His death, just like his life, was unconventional and very sad as he slipped or tripped into a canal in Holland rescued but never emerging from a coma. There are those who say that Manchester United let down their young football genius by failing to deliver the home from home environment that was promised but I do not agree. They treated as well as they could given the standard and success or otherwise of knee operations at the time and finally, when the sharp skill and potential he showed never really returned, they reluctantly let him go. United were fast emerging as one of the greatest teams in the world, and Alex Ferguson as their manager had to control and direct this emergence which often meant making hard commercial decisions.

 

This is an exceptionally sad story, and without the research and persistence of Oliver Kay so many would have been unaware of the impact and legacy that Adrian Doherty left in his short time here. Highly recommended

Review
5 Stars
An author with great literary talent
The Disappearance of Adele Bedeau - Graeme Macrae Burnet

A smart, stylish story dissecting the life of one Manfred Baumann a strangely introverted man who works at the bank in Saint-Louis and dines most lunchtimes and evenings at The Restaurant De La Cloche. He regards, in an almost salacious way, a young waitress called Adele Bedeau and when she disappears Manfred becomes the chief suspect and is pursued relentlessly by Inspector Gorski of the Saint-Louis police.

 

This delicious novel is really the study of human behaviour, in all its quirks and oddities, and you the reader have a front row seat to observe and judge. Manfred is a wonderful character, socially inept, reserved, withdrawn, indeed some of his working and socializing colleagues are of the opinion that his preference may be towards a male rather than a female partner. He is fastidious almost a perfectionist in his approach to daily tasks... "He dressed, combed his hair and put on his watch. Back in the kitchen he laid out two croissants in a basket, butter and jam, a plate and a knife. He poured coffee into a large bowl and sat down at the table.".....

 

Inspector Gorski has a troubled marriage. His wife Celine, who manages and runs a fashion boutique in town, views Gorski as socially inferior but still insists that he attends social gatherings in order to "establish the Gorskis as part of the Good Society of the town." The Inspector therefore preferred to spend his day policing, and the pursuit of Manfred Baumann proves a welcome distraction.

 

I loved the unhurried telling of this story the unravelling of the everyday orderliness of Manfred and by doing so expose a dark secret. Can a wise and wily Gorski utilize this secret to expose the truth of Adele's disappearance and by so doing will this set in process a chain of events that may end in disaster? With a very neat and unexpected ending I was delighted, amused and thoroughly entertained by this literary work form a great writer.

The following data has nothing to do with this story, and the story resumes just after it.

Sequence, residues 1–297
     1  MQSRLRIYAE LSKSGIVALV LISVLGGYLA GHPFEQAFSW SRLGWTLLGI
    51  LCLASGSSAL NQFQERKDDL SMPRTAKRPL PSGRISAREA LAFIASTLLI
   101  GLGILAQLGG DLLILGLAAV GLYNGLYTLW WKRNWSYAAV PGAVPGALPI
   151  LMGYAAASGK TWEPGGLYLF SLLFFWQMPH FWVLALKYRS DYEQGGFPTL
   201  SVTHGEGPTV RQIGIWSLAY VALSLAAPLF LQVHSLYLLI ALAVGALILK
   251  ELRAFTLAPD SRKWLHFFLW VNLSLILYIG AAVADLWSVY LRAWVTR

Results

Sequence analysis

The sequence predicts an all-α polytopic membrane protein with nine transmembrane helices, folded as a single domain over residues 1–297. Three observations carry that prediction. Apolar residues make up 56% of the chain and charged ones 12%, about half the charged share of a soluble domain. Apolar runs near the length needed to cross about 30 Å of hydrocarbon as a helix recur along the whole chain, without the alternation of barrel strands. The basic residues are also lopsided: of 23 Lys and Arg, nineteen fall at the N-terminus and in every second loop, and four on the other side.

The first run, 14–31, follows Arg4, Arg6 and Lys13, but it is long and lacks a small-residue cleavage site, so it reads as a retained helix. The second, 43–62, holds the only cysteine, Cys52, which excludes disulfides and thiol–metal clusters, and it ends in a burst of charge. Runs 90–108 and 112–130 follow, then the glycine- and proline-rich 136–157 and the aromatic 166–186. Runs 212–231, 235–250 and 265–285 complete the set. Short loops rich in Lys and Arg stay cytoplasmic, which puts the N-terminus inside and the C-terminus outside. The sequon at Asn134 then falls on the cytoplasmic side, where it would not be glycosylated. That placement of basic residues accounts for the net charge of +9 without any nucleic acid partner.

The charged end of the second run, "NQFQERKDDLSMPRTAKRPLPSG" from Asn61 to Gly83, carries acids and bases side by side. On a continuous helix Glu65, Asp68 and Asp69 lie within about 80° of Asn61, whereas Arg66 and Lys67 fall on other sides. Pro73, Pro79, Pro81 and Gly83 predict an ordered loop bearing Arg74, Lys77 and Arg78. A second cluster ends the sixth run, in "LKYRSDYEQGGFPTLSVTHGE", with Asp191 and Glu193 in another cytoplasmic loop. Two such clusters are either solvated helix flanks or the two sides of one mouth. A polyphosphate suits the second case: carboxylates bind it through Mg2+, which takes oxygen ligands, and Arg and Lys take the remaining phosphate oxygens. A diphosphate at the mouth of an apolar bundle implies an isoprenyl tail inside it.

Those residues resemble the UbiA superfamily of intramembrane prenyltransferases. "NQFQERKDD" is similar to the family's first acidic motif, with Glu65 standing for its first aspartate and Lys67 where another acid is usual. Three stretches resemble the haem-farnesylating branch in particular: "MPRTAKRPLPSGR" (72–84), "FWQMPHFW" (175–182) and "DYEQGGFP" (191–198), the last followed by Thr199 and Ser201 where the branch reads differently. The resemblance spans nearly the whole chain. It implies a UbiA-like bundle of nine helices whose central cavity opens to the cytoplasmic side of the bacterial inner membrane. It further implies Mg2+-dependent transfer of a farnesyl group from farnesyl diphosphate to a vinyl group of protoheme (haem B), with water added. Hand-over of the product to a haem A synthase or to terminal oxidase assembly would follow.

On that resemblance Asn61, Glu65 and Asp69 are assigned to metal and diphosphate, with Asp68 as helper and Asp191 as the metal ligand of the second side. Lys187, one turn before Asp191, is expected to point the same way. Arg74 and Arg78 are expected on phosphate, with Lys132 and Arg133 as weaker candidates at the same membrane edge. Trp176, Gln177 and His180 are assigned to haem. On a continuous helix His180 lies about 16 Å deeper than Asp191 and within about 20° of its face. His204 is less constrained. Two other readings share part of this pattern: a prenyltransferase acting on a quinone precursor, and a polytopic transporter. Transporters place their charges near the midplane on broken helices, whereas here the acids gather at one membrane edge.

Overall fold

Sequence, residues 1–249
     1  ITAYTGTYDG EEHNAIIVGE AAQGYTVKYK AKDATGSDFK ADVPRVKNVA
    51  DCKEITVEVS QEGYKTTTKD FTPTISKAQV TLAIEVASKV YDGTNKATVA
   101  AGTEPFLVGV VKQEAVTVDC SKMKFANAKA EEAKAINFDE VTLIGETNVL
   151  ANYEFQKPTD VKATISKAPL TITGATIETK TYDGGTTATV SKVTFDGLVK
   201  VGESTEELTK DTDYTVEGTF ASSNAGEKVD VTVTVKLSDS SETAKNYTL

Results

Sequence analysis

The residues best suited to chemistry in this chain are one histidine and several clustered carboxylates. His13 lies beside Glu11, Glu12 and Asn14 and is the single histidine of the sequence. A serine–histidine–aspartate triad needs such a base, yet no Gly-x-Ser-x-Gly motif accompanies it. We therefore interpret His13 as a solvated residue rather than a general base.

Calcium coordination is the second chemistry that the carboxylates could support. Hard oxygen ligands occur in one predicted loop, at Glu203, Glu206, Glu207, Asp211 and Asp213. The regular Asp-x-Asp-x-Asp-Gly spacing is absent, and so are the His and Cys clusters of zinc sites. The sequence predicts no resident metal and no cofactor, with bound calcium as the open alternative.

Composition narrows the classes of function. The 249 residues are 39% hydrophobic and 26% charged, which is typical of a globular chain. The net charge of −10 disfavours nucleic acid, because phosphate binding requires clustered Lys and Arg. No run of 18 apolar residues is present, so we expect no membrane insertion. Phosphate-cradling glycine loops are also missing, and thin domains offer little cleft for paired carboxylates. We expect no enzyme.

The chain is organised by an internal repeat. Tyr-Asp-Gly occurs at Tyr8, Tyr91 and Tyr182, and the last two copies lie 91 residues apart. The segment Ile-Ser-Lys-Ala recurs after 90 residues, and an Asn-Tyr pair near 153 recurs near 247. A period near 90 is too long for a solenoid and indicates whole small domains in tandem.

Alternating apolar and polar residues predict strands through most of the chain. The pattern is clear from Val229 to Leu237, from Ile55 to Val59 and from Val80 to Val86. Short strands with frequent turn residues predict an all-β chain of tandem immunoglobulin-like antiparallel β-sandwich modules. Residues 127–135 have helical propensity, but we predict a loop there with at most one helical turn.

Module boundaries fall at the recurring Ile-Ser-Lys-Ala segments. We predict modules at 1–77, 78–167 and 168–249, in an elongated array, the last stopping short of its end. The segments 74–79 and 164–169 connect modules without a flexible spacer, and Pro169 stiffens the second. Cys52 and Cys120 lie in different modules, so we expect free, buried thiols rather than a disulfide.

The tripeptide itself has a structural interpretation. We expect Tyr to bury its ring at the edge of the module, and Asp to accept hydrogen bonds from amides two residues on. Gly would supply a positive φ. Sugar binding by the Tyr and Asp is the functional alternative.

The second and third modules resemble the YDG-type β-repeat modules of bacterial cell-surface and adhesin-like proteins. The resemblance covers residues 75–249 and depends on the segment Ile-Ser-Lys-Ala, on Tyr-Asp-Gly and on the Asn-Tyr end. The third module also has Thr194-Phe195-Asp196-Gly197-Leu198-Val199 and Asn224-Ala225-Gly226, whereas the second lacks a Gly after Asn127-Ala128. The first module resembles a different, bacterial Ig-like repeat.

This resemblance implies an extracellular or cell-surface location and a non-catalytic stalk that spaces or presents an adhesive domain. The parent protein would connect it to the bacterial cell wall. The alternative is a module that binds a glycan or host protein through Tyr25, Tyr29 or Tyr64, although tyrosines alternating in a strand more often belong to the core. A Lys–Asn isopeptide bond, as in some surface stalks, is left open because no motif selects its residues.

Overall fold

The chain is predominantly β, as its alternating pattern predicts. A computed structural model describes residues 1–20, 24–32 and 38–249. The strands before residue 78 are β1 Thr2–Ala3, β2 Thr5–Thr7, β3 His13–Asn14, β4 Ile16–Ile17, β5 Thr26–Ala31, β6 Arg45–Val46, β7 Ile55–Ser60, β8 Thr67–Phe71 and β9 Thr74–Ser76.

Review
4 Stars
Classic horror at its best
The Lost Village - NEIL SPRING, Neil  Spring

Neil Spring is an elegant author of what I would term as classic horror. In his writing just like an artist he paints a picture and relies on the reader to look at that picture and use his imagination to envisage the story. In The Lost Village he again teams two of his favourite ghost hunters Harry Price and his assistant Sarah Grey. They have travelled to the former village of Imber on Salisbury Plain to help understand strange and ghostly sightings including the tragic disfigurement of Sgt Gregory Edwards. I love Spring's writing style and his simple but effective use of language which is a joy to read yet somewhat disturbing and creepy...."The winter sun was sinking beneath the spires of Westminster and casting a pink hue across the London skyline".... "I froze. Around me, the trees seemed to shimmer, as if I were seeing them through a haze. At first, there was absolute silence. The air had become chillingly cold, freezing, and then I thought I heard, faintly.....low whispering"......"Price was standing in the centre of the wrecked mill, next to the battered table and chairs. A length of rope dangled from his right hand. Wearing his black frock coat that fell to his knees, he exuded the sinister presence of a Victorian Executioner".....

 

The Lost Village is really the story of displaced inhabitants attempting to reclaim what the army has stolen. Once a year they are invited back but this will be no ordinary visit as a chain of events sets in motion a terrible reckoning, and a sickening revelation ensuring that Imber will be remembered for all the wrong reasons. I particularly liked the cover of this novel with its dark angry skies and the picture of a man approaching wearing his trademark black coat, all which really adds to the atmospheric, macabre tale. Many thanks to the good people at Quercus publishing for a gratis copy in exchange for an honest review and that is what I have written.